I was originally gutted that we couldn’t stay in the hut, but when I went and looked inside, I was relieved we weren’t! There was some kind of bizarre bed situation – one really really wide bed where about ten people would sleep side by side…. my worst nightmare! Imagine waking up with a stranger’s head on your pillow… Eurgh.
Well we set up camp, and it was quite exciting. There were these weird birds everywhere called “weka” or as we referred to them as “veloceraptor bastards.” The walk so weirdly, like dinosaurs. They circle your tent looking for food and watched one try to get its entire beak around our water bottle. Very funny but irritating at the same time. One pecked my toe whilst I was sat on a picnic bench and I jumped about a foot in the air.
For tea we walked back to the idilic bench we had spotted on the way to the campiste. We had a Ruth Shepherd patented corned beef party. (Bread, corned beef and a sparkling beverage…. well we had luke warm water, but it was still good.)
We watched the sunset with the beach to ourselves, which I’ll never forget.
Then got into bed to be surrounded by the sound of SNORERS. I HATE PEOPLE WHO SNORE!!!!!!!! There was also an Israeli couple next to us who had no concept of whispering and just shouted at eachother all night. It was uncomfortable. I fell asleep and woke up what felt like every five minutes to move position because it was so uncomfortable. My hair was everywhere and I was freezing and the sleeping bag we decided to share was pure nylon so I was just sweating and the sleeping bag kept falling off and I was being eaten alive by some kind of biting insect and I needed a wee all night but didn’t want to get out of bed to go to the toilet. Then we were awoken by the dawn chorus of birds that sounded like we were in a zoo and then loads of bloody children started chasing each other round the tent. I overheard the man in the tent next to us saying “children are worse than dealing with ISIS” which really made me laugh. Anyway. Rant over. No sleep was had but it doesn’t matter because we were sleeping under the stars in paradise.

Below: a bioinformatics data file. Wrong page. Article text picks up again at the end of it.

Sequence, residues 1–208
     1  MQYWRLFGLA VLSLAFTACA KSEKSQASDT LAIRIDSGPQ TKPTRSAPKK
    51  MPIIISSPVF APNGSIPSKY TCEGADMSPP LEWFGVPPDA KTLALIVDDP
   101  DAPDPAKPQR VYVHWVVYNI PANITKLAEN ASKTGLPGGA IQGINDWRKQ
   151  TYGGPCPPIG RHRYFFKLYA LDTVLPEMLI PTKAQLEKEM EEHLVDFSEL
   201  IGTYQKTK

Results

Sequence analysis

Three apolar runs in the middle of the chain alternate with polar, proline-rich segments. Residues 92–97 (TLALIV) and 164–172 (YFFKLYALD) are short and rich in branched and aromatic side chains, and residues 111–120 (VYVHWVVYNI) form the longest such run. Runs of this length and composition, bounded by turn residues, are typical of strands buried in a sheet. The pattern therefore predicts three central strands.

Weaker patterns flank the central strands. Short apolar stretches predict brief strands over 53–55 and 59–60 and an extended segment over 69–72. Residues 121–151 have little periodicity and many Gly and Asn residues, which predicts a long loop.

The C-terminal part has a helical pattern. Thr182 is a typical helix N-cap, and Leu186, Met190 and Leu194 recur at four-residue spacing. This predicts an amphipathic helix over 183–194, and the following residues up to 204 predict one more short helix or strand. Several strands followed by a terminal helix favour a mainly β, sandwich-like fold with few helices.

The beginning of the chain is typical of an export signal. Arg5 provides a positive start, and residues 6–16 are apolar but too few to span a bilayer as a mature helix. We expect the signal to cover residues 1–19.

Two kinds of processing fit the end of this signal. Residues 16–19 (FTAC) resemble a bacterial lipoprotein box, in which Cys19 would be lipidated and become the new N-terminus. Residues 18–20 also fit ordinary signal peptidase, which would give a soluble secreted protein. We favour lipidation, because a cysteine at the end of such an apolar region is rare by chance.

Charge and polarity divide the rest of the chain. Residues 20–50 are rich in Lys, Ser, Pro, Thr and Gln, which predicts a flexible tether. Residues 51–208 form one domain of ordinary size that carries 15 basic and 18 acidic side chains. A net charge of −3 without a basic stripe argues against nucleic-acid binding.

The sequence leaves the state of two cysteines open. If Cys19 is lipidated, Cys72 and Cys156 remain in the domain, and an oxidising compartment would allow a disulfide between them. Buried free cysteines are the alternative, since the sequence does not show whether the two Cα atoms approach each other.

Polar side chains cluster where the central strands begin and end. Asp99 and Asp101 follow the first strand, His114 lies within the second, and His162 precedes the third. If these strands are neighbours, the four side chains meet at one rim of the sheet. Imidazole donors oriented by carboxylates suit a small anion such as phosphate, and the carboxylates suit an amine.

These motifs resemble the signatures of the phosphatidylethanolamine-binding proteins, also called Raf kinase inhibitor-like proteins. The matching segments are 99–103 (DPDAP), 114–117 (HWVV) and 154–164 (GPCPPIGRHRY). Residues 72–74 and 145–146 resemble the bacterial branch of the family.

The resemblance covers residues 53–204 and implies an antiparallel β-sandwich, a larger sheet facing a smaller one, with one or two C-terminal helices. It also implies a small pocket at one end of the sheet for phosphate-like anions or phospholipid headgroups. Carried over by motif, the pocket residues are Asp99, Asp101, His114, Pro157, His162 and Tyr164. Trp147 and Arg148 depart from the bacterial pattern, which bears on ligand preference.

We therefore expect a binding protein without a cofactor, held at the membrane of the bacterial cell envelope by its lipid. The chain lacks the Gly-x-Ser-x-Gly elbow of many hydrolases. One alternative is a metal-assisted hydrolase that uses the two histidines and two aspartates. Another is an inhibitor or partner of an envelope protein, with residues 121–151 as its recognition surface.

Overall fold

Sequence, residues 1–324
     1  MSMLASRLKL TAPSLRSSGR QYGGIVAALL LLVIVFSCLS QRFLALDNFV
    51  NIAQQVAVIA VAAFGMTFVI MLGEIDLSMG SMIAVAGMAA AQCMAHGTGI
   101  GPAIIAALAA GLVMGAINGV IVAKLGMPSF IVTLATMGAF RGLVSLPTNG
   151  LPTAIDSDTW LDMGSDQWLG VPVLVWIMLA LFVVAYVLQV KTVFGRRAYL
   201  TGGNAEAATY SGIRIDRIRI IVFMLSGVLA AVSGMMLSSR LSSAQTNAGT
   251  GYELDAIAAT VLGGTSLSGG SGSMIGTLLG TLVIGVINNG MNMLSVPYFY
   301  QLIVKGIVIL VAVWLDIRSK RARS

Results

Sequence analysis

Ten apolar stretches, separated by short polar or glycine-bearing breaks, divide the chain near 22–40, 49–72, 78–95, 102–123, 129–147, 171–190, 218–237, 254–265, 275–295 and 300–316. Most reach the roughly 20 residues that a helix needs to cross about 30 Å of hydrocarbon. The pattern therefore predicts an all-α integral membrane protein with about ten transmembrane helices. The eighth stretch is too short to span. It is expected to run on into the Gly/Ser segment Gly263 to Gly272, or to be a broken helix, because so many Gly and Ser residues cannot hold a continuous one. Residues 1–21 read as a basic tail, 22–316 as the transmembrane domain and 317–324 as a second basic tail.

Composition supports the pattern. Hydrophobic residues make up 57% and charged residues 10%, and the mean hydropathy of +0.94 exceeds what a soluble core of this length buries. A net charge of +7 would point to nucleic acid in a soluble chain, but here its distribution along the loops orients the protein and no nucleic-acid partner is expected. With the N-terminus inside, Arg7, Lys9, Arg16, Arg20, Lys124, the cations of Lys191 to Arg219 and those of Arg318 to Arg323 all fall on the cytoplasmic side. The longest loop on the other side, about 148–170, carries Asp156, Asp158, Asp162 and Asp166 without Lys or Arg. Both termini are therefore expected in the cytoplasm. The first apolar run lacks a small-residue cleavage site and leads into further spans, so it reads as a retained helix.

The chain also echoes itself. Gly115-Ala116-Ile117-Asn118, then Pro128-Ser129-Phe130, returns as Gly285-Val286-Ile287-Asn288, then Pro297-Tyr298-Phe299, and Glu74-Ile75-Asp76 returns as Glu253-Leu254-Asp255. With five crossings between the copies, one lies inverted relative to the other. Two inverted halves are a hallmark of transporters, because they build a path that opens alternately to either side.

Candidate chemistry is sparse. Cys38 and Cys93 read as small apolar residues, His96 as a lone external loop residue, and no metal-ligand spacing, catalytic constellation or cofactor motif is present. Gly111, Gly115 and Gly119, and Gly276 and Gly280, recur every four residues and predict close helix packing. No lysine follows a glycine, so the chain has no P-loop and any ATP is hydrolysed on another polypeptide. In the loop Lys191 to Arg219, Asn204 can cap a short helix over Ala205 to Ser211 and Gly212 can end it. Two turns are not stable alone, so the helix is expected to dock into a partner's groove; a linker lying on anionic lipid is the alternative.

The next day we enjoyed a muesli bar breakfast and then headed off on a two hour walk to a different beach. More beautiful scenery and stunning weather. We had some more corned beef sandwiches for lunch and had a nap on the beach. I’m getting really good at this power-napping business now. Then we walked back to the campsite. After a little rest we decided to do another walk. One of my toes had a blister that surrounded the entire digit. After wrapping it up, we headed on a walk to “Separation Point.”
This was mildly hilarious because we walked for two hours to the point which was just a tiny cliff that had some plastic gannets on it and was playing a recording of gannet sounds…. We just looked at each-other.
We then went on to a cove called Mutton Cove which was actually home to a load of seals, not sheep. It was so cool seeing the seals. They were doing this weird thing where they go in the shallows and wave a flipper at you. I love how big and lumbering they are when out of the water, yet so graceful in the sea. We also saw a big fat one who was barking on a rock, and sounded like a huge dog.
We stomped back to the campsite, and Tom introduced me to his camping special – tinned ravioli, cold from the can, and surprisingly yummy! We got ready for bed and it started to piss it down. It rained all night but luckily this served to silence the birdies, and our stuff remained relatively dry. I was very impressed with our little 15 quid tent! We both slept better, and I felt a lot more human on waking the next day.
The next morning we packed up and began our walk back to the water taxi stop. I was sad to leave the park because it was an amazing experience. New Zealand is definitely one of the most beautiful places we’ve seen so far, and we both feel so lucky to be here. I felt so relaxed to have a few days off the grid and under the stars. I think it’s good for you, and, despite the camping bit, I do want to do it more!